Holly Morales (Alaska) serves as the Alaska representative for Region VI. She is of Yup'ik Eskimo and Irish descent and is currently the Deputy Operating Officer at Cook Inlet Tribal Council (CITC), where she previously served as Senior Director of Employment and Training Services Department (ETSD). She earned her bachelor’s degree in Business Administration in Organization Management from Alaska Pacific University. She has managed multiple programs, including employment and training services operated under PL 102-477 which includes programs such as, Child Care Assistance Program, Workforce Innovation and Opportunity Act (WIOA), Temporary Assistance to Needy Families (TANF) and BIA General Assistance, which serves over 3,000 participants per year. Ms. Morales has worked at Cook Inlet Tribal Council for over 24 years in workforce development. She serves as co-chair of the Tribal 102-477 Workgroup and on the Alaska Coalition on Employment and Training executive committees and has a broad understanding of Native issues in the context of the state, and of workforce development on a national scale. Ms. Morales has a keen understanding of Alaska Native and tribal issues, and her ability to bring forward the program level impact of decisions is one of her strongest attributes. Ms. Morales has worked in both state and national venues to share CITC's innovative multi­generational and participant-focused programming, including the Aspen Institute. She is firmly dedicated to the principle that Alaskans should have opportunities to work in their own communities, and that this goal is good for the people and good for the local economy. Her vision to build connections to place Alaskans in good jobs has been her driving force throughout her professional and service life, both to assist unemployed Alaskans to train for jobs, and to assist workers who want to upgrade their skills in a changing work environment, for youth and adults.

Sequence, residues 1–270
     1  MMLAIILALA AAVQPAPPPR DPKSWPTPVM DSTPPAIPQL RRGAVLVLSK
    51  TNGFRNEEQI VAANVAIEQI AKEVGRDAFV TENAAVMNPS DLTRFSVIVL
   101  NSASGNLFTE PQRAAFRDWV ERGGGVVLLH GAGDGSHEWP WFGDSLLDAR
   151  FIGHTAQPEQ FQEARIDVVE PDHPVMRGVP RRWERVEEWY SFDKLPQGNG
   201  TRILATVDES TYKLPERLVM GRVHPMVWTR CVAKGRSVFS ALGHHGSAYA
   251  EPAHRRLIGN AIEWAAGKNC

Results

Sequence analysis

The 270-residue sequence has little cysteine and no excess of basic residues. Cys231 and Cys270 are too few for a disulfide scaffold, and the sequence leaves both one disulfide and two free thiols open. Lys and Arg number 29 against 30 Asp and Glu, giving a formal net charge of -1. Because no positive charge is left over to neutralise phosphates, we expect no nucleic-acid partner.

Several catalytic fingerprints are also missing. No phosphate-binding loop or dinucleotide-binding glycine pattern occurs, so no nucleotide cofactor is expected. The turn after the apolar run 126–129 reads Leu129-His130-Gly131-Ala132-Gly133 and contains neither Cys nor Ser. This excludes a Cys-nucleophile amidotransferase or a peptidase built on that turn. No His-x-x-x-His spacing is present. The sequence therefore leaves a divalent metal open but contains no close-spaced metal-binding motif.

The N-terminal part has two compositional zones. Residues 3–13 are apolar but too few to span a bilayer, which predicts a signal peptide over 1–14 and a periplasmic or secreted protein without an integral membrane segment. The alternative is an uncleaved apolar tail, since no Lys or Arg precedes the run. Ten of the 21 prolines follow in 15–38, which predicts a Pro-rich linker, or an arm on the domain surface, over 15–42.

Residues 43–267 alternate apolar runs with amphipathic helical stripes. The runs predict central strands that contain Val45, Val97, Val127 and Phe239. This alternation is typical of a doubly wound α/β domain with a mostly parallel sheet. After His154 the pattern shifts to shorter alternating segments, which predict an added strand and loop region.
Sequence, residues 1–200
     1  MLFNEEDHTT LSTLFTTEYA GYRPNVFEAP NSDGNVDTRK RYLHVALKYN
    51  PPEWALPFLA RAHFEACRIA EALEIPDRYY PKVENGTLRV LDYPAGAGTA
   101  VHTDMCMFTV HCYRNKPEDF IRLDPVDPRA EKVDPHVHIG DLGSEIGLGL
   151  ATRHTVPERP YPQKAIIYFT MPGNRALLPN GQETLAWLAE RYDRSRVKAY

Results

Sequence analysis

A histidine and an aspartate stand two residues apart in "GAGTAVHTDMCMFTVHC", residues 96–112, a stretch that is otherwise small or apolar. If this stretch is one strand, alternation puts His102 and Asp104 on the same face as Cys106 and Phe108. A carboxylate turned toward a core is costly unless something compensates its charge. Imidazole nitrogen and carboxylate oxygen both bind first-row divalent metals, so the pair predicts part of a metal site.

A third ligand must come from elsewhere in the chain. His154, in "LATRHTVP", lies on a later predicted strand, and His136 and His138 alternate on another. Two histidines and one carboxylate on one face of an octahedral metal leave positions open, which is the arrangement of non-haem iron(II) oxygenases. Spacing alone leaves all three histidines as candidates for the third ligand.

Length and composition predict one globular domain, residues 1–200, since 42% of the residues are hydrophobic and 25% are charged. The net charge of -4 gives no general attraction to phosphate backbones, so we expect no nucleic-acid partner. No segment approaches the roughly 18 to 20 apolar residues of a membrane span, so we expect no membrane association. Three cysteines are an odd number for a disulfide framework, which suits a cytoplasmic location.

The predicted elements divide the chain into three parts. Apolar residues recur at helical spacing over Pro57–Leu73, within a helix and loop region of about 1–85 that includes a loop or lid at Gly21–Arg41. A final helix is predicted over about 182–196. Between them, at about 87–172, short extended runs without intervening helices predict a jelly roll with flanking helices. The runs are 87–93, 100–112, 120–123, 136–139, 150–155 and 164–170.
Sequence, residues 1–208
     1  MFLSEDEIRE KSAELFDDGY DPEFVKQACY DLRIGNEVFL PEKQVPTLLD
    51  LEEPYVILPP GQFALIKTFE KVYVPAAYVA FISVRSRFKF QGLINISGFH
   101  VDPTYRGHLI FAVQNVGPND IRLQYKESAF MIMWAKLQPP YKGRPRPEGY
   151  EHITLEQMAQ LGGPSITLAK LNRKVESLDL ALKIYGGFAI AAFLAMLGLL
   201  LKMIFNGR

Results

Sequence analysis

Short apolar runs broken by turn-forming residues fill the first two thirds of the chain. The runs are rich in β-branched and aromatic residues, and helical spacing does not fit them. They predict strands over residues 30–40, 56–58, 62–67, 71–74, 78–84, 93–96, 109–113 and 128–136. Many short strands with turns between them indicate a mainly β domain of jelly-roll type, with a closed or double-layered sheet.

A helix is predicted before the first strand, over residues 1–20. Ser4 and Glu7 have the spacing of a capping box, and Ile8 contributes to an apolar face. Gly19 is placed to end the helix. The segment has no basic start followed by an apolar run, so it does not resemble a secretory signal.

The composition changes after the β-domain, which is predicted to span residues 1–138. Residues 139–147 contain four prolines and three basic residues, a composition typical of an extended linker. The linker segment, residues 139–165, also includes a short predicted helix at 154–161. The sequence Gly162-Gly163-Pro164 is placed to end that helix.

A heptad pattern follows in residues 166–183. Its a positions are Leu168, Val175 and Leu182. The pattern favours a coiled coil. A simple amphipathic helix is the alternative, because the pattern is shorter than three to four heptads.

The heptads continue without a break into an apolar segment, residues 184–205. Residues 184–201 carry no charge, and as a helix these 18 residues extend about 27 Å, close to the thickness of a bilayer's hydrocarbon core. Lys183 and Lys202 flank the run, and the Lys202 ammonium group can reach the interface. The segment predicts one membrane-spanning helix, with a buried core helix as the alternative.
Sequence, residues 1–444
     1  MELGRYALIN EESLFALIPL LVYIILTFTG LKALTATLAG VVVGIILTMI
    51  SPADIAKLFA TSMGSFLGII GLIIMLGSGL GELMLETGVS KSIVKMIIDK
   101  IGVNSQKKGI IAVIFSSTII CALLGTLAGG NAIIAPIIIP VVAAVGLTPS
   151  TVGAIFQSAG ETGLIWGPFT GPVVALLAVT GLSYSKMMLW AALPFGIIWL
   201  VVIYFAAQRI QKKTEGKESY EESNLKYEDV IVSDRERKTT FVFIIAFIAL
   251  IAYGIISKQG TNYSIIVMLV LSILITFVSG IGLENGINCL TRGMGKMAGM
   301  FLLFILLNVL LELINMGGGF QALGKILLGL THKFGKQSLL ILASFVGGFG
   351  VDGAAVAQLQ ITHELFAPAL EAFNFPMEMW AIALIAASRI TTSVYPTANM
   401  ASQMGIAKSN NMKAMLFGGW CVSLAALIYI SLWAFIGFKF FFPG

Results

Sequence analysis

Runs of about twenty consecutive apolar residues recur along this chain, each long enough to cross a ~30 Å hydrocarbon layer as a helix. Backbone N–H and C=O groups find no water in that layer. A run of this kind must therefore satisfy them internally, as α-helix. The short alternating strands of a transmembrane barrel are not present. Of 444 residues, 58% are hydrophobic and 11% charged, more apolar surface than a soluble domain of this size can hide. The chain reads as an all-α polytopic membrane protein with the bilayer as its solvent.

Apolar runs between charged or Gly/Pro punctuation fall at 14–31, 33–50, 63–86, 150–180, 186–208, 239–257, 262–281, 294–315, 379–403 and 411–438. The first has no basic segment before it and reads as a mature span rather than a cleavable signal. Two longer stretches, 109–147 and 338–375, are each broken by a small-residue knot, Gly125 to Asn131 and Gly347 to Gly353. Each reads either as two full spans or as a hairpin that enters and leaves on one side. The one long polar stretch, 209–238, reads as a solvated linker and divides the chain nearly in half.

Erwin Pahmahmie, Jr., serves as the Oklahoma representative for Region IV. He is the Executive Director of the Cheyenne and Arapaho Tribe of Oklahoma’s Employment and Training Program. He assisted in creating the Tribe’s workforce program by integrating the U.S. Bureau of Indian Affairs, Job Placement and Training Program, Department of Health and Human Services’ Native Employment Works and the Equip Employment Opportunity Commission’s Tribal Employment Rights Office (TERO) programs. He served as the key spokesperson for the Tribe in the creation of their internal Department of Labor program in August 2018. In his role as Director, he ensures that the TERO ordinances address construction contractor compliance and apprenticeship training for construction projects on or near tribal lands.